The President of the Nigerian Cancer Society, Dr Adamu Umar, said Nigeria has only 13 radiotherapy machines for its teeming population.
Dr Umar, however, said most of the radiotherapy machines in government healthcare facilities are not functioning.
Radiation therapy is a type of cancer treatment that uses beams of intense energy to kill cancer cells.
According to the World Health Organisation, more than 50 per cent of cancer patients require radiotherapy as part of cancer care and it is frequently used to treat the most common types, such as breast, cervical, colorectal, and lung cancer. Yet, access to radiotherapy is inadequate, particularly in low- and middle-income countries.
The 2018 Globocan statistics showed that there were 211,052 cases of breast, prostate, cervical, colorectum, and Non-Hodgkin lymphoma cancers in Nigeria.
Globocan is an online database providing global cancer statistics and estimates of incidence and mortality in 185 countries for 36 types of cancer, and for all cancer sites combined.
Speaking in an interview with our correspondent, Dr Umar said “We have nine radiotherapy machines that either belong to the government or in a public-private partnership with the government.
“We have seven across the federation – the National Hospital, Abuja; the University of Nigeria Teaching Hospital, Enugu; University College Hospital, Ibadan; the Usman Danfodio Teaching Hospital, Sokoto; Ahmadu Bello University Teaching Hospital, Zaria; the Lagos University Teaching Hospital, Idi-Araba, Lagos; we also have one in Enugu and another one at the NHA owned partly by the private and the government. Again, there is one at the NSIA LUTH Cancer Centre, apart from the one in LUTH itself.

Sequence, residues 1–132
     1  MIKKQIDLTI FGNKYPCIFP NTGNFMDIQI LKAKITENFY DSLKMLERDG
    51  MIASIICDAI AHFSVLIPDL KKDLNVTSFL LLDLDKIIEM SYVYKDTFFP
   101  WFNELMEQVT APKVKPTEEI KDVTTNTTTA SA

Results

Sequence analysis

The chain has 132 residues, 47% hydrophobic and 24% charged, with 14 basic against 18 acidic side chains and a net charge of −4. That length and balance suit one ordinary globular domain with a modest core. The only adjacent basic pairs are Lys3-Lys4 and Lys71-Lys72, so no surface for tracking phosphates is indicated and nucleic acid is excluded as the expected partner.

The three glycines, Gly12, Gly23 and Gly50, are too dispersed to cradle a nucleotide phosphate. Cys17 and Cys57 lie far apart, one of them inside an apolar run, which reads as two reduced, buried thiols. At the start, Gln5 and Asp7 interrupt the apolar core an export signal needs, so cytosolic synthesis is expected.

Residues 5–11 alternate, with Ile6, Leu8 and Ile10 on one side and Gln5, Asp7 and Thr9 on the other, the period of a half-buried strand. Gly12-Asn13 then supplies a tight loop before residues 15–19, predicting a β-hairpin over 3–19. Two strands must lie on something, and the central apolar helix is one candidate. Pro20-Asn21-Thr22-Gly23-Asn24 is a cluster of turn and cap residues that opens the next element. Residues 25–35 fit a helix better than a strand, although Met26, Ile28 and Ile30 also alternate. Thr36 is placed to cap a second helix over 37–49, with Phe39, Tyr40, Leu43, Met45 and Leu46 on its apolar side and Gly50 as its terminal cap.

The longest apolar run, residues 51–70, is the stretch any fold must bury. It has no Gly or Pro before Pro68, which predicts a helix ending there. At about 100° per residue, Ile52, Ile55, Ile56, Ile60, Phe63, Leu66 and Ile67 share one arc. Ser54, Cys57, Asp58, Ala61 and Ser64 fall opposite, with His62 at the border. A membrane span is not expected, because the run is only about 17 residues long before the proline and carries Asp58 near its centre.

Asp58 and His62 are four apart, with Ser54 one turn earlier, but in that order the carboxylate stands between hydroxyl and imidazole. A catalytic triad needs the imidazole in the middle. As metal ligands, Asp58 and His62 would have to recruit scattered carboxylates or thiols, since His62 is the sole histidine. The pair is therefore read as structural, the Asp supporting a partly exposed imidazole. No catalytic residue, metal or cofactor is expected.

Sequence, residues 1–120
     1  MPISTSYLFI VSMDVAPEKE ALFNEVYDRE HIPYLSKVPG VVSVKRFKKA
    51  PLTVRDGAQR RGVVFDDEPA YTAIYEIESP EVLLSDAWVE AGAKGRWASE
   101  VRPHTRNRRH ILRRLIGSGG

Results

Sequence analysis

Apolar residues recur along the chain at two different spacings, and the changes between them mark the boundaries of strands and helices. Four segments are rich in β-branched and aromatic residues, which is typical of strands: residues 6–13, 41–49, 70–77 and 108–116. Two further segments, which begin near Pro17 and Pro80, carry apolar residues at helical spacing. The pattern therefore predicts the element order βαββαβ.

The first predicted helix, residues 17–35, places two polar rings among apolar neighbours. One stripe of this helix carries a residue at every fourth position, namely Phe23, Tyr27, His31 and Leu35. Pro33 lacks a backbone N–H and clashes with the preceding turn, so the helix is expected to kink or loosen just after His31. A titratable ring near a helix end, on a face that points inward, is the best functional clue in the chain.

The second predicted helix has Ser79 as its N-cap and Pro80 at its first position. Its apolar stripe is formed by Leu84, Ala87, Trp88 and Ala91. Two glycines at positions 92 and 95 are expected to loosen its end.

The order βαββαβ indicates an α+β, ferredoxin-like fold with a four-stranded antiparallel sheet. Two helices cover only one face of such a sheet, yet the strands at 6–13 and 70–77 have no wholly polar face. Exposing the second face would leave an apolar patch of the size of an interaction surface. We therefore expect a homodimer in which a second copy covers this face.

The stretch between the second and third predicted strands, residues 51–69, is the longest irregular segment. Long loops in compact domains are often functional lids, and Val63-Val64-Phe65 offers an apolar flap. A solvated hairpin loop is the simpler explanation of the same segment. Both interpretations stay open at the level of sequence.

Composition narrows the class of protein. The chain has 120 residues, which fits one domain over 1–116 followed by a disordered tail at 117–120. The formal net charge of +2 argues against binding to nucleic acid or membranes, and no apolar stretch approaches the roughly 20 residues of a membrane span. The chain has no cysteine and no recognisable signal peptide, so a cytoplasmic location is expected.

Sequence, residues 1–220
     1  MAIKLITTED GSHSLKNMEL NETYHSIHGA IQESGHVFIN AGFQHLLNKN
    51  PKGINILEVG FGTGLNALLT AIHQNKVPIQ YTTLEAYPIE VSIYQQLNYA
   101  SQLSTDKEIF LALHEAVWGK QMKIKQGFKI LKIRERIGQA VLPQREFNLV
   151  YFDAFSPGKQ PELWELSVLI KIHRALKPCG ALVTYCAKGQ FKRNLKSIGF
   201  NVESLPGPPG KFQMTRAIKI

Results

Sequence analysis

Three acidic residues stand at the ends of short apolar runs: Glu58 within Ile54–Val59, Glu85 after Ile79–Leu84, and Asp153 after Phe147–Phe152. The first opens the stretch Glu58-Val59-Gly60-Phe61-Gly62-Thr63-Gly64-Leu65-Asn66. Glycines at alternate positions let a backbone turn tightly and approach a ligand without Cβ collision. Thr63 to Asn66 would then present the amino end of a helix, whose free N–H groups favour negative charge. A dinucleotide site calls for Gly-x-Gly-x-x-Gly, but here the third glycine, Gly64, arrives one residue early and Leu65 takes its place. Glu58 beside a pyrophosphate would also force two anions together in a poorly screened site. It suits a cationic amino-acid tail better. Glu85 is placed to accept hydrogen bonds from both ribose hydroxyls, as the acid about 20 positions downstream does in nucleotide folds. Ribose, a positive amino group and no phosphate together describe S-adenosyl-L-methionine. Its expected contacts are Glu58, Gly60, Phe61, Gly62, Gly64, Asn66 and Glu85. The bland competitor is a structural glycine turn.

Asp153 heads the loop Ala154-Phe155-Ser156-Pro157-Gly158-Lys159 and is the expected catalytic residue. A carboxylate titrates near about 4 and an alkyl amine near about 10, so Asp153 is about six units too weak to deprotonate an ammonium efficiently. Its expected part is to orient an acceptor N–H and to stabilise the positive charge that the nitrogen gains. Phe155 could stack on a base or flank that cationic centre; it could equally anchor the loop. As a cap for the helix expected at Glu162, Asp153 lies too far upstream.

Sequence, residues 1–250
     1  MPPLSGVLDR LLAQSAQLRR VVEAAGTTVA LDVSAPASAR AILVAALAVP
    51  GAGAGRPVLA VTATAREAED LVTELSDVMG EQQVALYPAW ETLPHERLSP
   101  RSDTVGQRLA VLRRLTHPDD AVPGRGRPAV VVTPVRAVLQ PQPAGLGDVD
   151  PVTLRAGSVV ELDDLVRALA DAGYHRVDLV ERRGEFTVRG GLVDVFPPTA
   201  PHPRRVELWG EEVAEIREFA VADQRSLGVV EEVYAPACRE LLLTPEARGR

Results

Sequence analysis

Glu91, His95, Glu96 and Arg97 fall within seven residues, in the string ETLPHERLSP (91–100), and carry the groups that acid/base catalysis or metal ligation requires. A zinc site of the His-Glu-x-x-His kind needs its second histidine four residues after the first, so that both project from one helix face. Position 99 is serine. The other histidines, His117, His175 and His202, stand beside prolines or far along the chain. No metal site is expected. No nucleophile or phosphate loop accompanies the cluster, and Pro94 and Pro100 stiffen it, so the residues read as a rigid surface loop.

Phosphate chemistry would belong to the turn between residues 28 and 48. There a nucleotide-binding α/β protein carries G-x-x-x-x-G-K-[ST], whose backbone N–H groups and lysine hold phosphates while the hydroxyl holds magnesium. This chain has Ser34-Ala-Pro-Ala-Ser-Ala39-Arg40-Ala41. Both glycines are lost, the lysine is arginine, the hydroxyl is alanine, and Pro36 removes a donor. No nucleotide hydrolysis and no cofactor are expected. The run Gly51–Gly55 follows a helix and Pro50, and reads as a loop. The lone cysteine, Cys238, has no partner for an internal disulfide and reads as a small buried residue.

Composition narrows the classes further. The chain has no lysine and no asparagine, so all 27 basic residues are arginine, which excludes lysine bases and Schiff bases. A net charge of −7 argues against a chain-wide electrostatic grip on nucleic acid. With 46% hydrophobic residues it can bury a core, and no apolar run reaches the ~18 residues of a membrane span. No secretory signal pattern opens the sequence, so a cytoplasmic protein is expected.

“We can say we have 13 when you consider the ones in private facilities like the Marcelle Ruth Cancer Centre & Specialist Hospital, Lagos; Duchess hospital, Lagos; Me Cure healthcare, Lagos; and other private facilities.
“The problem with the machines that belong to the government is that most of them are not functioning and even those that are functioning, the requisite staff to manage them, that will need extensive training are not trained adequately and when the machines break down, you will have to import the parts.
“In Nigeria, we should have at least 300 radiotherapy machines as opposed to the 13 that we have. So many African countries don’t even have the machine but we have some, even though we are still struggling.
“Currently there is an ongoing state-of-the-art cancer centre in Maiduguri; Federal Medical Centre, Katsina; even in Rivers state, there’s a state of the art cardiovascular and cancer centre, in Kwara too, a philanthropist donated money to the government for a cancer centre.
“Also, Governor Ganduje is doing the same in Kano but the problem is that we don’t have enough resources. In the whole of Kano State, we have only one clinical oncologist.”
A professor of radiation therapy and oncology at LUTH, Francis Durosinmi-Etti said even though the radiotherapy machines available in the country are not enough, there is hope for cancer patients.
“More cancer centres are being established and the private sector is getting involved in the treatment of cancer. Gradually, we will get there someday,” he said.